August 23, 2008
From The Splendid Table's How to Eat Supper: Recipes, Stories, and Opinions from Public Radio's Award-Winning Food Show by Lynne Rossetto Kasper and Sally Swift (Clarkson Potter, 2008). Copyright 2008 by Lynne Rossetto Kasper and Sally Swift
Honey gives this recipe its edge. Once the steak is cooked, you taste only the barest hint of sweetness, yet the sugar opens up all the meat's bold beefiness. Each mouthful delivers fabulous crustiness and a hum of black pepper.
Serves 3 to 4
5 minutes prep time; 15 minutes stove time
Serve immediately; makes great sandwiches
Cook to Cook: Flavors are released by chemical reactions. One family of tastes opens up with water, another in fat; alcohol releases both these families and more. This is why the wine is in this recipe, and in so many others.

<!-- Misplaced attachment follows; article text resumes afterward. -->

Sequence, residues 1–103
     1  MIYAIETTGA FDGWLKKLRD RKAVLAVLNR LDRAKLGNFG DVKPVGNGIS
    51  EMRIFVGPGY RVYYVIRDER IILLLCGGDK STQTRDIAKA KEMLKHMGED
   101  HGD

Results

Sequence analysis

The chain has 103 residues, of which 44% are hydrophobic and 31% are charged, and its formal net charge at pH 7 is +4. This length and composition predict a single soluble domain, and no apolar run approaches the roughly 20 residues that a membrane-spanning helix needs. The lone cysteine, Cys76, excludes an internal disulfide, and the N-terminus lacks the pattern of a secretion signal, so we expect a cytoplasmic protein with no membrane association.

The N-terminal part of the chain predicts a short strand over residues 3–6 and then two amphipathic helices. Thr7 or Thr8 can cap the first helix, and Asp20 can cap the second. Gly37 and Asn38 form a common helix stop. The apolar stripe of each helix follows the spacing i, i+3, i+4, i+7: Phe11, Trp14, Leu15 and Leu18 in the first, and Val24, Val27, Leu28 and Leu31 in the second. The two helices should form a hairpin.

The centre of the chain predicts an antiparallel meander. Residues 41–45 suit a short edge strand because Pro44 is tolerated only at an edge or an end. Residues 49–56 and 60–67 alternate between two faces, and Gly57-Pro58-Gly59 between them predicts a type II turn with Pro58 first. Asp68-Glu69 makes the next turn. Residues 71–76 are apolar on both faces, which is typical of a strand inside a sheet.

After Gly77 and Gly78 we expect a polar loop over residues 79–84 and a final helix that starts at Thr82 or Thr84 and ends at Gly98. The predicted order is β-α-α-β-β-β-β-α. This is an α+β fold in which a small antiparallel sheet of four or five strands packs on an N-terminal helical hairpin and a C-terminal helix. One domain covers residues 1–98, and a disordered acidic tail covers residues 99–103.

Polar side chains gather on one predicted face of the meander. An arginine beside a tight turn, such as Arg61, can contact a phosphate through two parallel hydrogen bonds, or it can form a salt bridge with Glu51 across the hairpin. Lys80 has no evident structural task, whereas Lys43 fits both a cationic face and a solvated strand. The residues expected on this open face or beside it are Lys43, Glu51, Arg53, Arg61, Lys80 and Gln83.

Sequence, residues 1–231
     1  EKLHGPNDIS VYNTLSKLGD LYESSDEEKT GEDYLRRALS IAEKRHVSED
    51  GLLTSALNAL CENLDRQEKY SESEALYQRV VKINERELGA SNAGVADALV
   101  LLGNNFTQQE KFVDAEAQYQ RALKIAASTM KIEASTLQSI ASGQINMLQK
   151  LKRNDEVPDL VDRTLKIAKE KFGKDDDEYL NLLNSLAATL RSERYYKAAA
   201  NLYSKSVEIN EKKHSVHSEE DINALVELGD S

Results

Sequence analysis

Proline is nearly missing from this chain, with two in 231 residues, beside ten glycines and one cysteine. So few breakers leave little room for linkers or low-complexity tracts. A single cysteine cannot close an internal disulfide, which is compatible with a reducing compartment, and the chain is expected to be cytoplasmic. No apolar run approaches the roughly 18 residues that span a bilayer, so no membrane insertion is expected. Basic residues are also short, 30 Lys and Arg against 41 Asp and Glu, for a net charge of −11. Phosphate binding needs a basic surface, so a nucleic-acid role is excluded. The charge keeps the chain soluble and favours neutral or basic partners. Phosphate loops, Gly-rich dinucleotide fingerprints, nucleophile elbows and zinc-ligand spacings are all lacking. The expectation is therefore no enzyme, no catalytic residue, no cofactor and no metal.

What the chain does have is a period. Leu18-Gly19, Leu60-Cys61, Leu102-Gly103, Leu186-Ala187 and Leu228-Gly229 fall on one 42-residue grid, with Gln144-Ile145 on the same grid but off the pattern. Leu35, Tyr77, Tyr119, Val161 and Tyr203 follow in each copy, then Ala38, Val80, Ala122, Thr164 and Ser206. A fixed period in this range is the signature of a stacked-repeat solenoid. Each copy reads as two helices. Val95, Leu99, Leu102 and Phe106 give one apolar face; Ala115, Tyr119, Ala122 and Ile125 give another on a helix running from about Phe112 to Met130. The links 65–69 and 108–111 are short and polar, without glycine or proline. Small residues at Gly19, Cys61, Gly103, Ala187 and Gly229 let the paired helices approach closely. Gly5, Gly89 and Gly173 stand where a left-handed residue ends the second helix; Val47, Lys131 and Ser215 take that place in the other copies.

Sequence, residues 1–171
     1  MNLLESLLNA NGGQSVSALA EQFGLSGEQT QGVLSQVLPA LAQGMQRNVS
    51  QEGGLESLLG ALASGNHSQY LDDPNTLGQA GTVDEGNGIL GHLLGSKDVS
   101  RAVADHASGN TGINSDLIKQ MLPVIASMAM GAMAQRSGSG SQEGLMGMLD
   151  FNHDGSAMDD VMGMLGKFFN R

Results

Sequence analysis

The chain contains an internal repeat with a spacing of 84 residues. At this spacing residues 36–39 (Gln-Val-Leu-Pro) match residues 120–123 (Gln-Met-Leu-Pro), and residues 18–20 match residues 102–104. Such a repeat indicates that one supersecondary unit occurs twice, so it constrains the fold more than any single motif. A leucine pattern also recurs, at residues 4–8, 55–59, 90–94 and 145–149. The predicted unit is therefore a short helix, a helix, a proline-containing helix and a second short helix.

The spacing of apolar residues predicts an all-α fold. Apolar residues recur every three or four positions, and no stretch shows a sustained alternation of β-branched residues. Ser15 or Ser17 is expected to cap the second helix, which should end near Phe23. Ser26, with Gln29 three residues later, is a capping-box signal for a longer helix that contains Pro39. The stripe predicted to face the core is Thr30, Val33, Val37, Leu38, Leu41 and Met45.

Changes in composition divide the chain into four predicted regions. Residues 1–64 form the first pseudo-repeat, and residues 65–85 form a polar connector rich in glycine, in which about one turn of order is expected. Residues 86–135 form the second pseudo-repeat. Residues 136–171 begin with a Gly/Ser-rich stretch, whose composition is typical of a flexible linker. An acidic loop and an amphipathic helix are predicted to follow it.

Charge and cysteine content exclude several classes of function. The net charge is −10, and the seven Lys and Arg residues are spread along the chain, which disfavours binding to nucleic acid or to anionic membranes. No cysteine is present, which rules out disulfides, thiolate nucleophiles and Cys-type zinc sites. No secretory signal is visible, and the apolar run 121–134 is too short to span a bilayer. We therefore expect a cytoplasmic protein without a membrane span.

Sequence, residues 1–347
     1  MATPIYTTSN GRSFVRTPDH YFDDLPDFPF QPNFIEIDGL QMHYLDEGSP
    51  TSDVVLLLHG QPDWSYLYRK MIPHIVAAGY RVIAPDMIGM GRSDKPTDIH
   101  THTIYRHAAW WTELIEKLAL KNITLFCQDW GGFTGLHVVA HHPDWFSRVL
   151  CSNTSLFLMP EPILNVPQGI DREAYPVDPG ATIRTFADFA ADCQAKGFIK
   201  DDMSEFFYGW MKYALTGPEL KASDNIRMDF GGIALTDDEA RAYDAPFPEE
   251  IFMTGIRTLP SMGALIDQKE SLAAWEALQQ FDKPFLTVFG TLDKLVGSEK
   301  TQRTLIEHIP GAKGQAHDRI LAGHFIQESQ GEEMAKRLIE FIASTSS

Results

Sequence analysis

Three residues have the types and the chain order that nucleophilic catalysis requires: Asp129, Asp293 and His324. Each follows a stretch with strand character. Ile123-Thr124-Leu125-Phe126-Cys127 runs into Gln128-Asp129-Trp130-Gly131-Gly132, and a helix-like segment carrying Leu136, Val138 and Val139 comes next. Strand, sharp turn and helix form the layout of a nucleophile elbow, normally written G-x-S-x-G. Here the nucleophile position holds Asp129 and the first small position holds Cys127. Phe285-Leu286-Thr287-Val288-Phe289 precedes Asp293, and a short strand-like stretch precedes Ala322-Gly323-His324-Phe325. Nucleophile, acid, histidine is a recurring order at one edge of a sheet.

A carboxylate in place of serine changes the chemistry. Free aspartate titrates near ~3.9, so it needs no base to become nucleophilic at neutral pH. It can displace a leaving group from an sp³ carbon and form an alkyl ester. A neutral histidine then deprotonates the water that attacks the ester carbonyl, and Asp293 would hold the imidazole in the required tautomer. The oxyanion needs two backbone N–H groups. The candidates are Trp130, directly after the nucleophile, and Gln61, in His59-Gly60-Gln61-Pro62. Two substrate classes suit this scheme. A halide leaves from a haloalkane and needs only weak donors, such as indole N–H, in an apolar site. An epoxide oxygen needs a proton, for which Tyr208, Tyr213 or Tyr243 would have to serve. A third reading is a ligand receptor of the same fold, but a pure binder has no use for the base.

1. Combine the wine, honey, garlic, and pepper in a shallow dish. Add the steak, turning to coat it with the mixture. Let it stand at room temperature while you set up the rest of the meal.
2. Heat the olive oil in a 12-inch sautÃˆ pan over medium-high heat. Pat the steak dry, add it to the pan, and brown it quickly on both sides, sprinkling salt and grinding more pepper over both sides as they cook. (A splatter screen will protect the stovetop from being a total mess.)
3. Turn the heat to medium low and cook, turning the steak often, for 10 minutes, or until it reaches an internal temperature of 125âˆž to 130âˆžF (for medium rare). Remove it to a platter and let it rest for 5 to 10 minutes. The steak finishes cooking, collects itself, and is much juicier for the wait.
Andrea Reusing is the creator of the restaurant Lantern in Chapel Hill, N.C., and author of the book Cooking in the Moment: A Year of Seasonal Recipes. In this installment of The Key 3, she shares with Lynne Rossetto Kasper the techniques behind three of her favorite recipes: Turnip Soup, Overnight Braised Short Ribs and Tomato Salad.